First case of heart failure documented in 3,500-year-old Egyptian mummy

First case of heart failure documented in 3,500-year-old Egyptian mummy

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Recently a group of researchers has detected what has been classified as the oldest documented case of heart failure in a mummy. In this case it is the Nebiri mummy, who was Head of the Royal Stables, who lived approximately 3,500 years ago in Egypt.

The case of the Nebiri mummy It is not a recent discovery since it was in 1904 when his head was found in a looted tomb, and also a broken canopic glass where some of the remains of his internal organs were found, which has allowed them to have been studied by a multidisciplinary team of researchers that have done tests on their tissues.

His remains were found in the Valley of the Queens, in Luxor, and today they are in the Egyptian Museum in Turin. It is estimated that his age at the time of his death was between approximately 45 and 60 years old, a quite advanced age if the life expectancy of those years is taken into account.

As the anthropologist Raffaella Bianucci stated, “the head is almost completely exposed, although its good state of conservation stands out. Since the canopic vessel was partially broken, we were able to have better access to the samples of its organs, which has allowed us to study them in depth.”.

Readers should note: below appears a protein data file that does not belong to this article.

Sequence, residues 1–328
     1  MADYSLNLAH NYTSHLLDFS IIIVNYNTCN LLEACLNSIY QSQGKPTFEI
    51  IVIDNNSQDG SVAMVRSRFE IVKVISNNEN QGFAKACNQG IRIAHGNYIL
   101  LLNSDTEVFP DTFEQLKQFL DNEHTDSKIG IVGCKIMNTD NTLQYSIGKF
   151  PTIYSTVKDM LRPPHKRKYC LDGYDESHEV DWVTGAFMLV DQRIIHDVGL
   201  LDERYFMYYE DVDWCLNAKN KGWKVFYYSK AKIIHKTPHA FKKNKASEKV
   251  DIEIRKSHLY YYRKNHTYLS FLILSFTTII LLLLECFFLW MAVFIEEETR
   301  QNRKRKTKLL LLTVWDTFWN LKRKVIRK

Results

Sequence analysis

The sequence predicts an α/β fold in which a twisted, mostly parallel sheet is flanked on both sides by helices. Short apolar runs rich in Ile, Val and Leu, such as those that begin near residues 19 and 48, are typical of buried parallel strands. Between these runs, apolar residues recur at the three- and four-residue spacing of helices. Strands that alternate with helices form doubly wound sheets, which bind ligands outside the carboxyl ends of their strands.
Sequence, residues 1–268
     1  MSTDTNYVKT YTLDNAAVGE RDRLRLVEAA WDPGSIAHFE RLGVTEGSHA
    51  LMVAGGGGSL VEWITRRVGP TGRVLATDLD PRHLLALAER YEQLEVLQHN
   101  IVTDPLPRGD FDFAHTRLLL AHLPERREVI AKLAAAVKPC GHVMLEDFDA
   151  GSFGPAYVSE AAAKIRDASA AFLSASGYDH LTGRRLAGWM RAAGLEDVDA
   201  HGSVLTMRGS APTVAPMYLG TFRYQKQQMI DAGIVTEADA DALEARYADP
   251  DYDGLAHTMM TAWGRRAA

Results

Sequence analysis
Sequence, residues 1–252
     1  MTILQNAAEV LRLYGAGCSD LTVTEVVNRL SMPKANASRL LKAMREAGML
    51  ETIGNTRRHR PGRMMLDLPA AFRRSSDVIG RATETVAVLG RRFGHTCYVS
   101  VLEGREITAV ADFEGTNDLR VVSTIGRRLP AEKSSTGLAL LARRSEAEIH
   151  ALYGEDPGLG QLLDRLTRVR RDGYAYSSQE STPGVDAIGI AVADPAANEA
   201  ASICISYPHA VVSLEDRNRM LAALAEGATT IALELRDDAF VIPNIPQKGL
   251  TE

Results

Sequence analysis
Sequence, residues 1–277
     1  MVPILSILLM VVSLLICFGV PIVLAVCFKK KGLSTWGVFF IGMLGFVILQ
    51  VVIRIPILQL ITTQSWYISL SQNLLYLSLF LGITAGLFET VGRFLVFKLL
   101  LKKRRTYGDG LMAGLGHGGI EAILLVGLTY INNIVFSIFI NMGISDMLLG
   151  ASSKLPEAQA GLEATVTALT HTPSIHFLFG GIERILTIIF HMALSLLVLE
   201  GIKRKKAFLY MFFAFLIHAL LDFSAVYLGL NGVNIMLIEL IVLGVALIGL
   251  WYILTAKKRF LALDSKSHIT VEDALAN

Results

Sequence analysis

The main causes of death, in this case heart failure, It was high blood pressure, vascular diseases and some metabolic disorder of the myocardium among others, although according to the researchers, Nebiri's death was due to hypertension.

Thanks to computerized tomography, it was also possible to know that Nebiri had a serious periodontal disease, with abscesses and that during its mummification, those in charge of doing it tried to extract its brains, although part of the brain tissue remained inside the cavity and the rest was filled with linen, that is, cheeks, nose, mouth, eyes, ears etc.

In addition, investigations revealed a small calcification, which reveals a symptom of arteriosclerosis in the carotid, although it cannot be determined if there was more for the rest of the body since only the head was found.

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